There was a silence. “What’s that about?” the young woman said.
As if waiting for the question, he raised a fist and his face took on a glowing solemnity. “White power.” The pride left his face but his hand remained a fist after he brought it back down to the table. He finished off his coffee. “But I got away from those ideals—”
“I’m glad to hear it,” the young woman said.
“Yeah, mostly cause the cops were watching us.” The young woman looked away. She took the coffeepot and made a round refilling. “Cops are always on your back,” he continued. “I hate law enforcement.”
“You don’t think there’s good cops?” she said, pouring the last of the coffee.
There was silence for a moment and the sound of the coffee being poured was clean and musical. The man looked into his mug. “Yeah, I guess there’s good cops…” Then his face came up and hardened. “But I got no use for them. Kinda like blacks.” He glanced over at the young woman and took a slow deliberate drink. “Course, blacks out in the country are okay. But in the inner city, I say give ’em a bullet. Same with Arabs. I don’t have much use for Arabs.”
The young man had not moved, his shoulders hunched in, head low over his mug, eyes fixed on the older man across the table. The young woman was also staring, but upright and rigid, at the man.
“Yep,” he continued. “A good Arab is a dead Arab. Arabs got no respect for our culture and I got none for theirs. There was an Arab guy at a convenience store down the road from me, a dark dirty fella. I told him that my militia buddies were gonna come after him. I put five thousand bucks on his head. He closed down that seven-eleven and disappeared like that—” The man snapped his fingers and wheezed with pleasure. “With five thousand bucks you get most anyone knocked off. There’s plenty of hate groups on the Internet. Most of them do it how you want it done. If you’re gonna go after somebody, you’re trying to hurt them. You want them to suffer as long as possible before they expire.”
The young man was still hunched over the mug but his eyes moved away from the man, over to his campsite, passing over the smoking fire, the one-man tent, the bicycle perched against the oak tree from which the mucus still hung, and then his eyes went out beyond the campsite, looking at nothing. The young man brought his hands down flat on the table and stood up. He looked down at the man and focused in on his beady eyes, which, just on him, slipped away. The young woman also stood up.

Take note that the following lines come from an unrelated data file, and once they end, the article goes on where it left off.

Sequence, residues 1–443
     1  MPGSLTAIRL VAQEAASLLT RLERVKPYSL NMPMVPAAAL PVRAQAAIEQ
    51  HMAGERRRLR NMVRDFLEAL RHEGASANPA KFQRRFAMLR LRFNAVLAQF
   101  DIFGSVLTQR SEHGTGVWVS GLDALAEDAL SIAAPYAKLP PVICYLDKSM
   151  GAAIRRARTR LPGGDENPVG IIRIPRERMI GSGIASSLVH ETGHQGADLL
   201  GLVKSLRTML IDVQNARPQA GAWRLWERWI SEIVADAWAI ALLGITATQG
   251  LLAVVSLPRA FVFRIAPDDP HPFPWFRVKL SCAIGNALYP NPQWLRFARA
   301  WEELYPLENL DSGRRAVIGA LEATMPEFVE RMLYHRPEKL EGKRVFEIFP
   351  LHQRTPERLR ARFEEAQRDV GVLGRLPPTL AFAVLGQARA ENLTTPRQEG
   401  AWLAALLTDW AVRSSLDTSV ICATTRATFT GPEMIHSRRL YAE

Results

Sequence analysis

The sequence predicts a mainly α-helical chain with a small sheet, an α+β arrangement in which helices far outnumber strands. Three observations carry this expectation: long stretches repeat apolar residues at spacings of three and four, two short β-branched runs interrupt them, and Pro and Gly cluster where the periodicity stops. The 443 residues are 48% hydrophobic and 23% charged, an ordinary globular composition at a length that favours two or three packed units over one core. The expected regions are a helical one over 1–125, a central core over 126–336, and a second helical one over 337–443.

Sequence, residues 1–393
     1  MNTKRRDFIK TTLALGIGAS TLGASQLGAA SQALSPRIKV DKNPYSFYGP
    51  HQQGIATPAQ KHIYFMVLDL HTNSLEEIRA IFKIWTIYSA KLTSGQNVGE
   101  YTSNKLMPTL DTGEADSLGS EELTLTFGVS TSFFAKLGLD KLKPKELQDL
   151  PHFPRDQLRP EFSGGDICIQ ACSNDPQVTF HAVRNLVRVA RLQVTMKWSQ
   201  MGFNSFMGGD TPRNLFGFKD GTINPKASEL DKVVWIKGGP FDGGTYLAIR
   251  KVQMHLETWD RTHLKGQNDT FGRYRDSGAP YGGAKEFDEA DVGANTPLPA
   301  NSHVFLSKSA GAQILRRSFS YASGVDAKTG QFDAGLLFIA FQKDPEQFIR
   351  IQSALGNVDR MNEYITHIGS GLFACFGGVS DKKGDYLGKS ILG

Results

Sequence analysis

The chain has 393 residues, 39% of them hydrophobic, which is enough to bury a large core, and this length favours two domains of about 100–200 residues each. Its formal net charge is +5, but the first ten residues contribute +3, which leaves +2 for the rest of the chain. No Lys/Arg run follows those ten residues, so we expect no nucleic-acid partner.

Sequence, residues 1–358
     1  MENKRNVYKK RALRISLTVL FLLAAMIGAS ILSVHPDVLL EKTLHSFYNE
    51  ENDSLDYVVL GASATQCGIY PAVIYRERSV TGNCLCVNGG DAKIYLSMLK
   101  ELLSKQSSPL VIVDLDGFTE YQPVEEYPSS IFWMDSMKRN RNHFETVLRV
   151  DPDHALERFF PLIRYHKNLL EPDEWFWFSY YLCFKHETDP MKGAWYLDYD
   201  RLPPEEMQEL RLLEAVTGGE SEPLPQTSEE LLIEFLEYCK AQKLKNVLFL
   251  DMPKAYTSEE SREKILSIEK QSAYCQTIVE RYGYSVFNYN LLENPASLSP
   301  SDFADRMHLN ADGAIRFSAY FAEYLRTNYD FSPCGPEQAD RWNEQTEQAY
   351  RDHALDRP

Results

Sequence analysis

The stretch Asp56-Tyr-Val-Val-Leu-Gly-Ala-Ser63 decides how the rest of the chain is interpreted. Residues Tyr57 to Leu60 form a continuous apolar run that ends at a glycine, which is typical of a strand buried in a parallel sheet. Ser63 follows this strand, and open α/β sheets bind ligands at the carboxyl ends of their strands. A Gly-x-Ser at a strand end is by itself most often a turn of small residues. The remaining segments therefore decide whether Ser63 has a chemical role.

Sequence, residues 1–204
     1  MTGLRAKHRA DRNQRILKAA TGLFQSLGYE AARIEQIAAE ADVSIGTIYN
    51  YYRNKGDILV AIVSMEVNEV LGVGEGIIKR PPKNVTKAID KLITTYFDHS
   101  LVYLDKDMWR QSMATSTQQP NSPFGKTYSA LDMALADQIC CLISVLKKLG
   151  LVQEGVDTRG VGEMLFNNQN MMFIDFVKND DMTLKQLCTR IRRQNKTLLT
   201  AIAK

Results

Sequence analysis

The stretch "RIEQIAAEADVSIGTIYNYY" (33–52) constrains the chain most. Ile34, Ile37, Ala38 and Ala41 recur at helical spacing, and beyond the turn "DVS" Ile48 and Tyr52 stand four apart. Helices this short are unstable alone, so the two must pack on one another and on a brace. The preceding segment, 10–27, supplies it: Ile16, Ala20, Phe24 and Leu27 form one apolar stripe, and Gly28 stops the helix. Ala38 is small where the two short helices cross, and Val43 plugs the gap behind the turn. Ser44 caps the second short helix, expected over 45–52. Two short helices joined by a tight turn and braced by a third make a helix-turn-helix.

“We’ve got to get going,” the young man said. “A lot to do today.”
The man shifted and his balled hand flexed for a moment. “Yep, me too. I’ve got to make it down past Frisco.” He remained seated.
The couple stepped out from the picnic table and gathered up their camping gear. The young man returned to the table with a pack on his back and a sleeping bag under one arm.
“Interesting talking to you,” the young man said. He took the coffeepot and the stove with his free hand. “Good luck with the rest of your trip.”
The older man looked at them and said nothing.
“Take care,” the young woman said, and she and the young man began to walk towards the parking lot.
“Do… do you guys want to brew up another pot of coffee?”
They turned and looked back. His elbows were on the table and his body was leaning down heavily on them, his head sagging into his shoulders. They stood silently, looking at him. The sunlight penetrating the foliage made a brilliant patchwork on his body that shifted with the breeze.
“I’m afraid we’ve got to go get Bessie checked out,” the young woman said. “I mean our car… that’s Bessie—” she qualified. She let out an abrupt clipped laugh and then turned sharply and began to walk towards the parking lot. The young man paused and looked at the man sitting at the table. They stared at each other without speaking, the leaves rustling overhead, the light playing between them. Then the young man turned and followed the young woman.
The older man watched them as they walked away and rounded the bend. He sat quietly for some time, pushing the mug back and forth on the table. Then he murmured something to himself and inflated his chest, stepping out from the picnic table. He went over to the firepit and broke some sticks and jammed them into the fire. The fire picked up. He threw all the sticks and twigs around him into the flames and, when there was nothing left to burn, he stood before the firepit with his arms crossed. In the distance a car engine roared to life. The sound of the motor climbed in pitch and then faded away into silence.
The man stood immobile before the fire. His face was like marble except for the bottom rims of his eyes, which glistened and shimmered, mirroring the flames. Then he dug his heels into the ground and, putting his palms up, spat between his hands into the fire.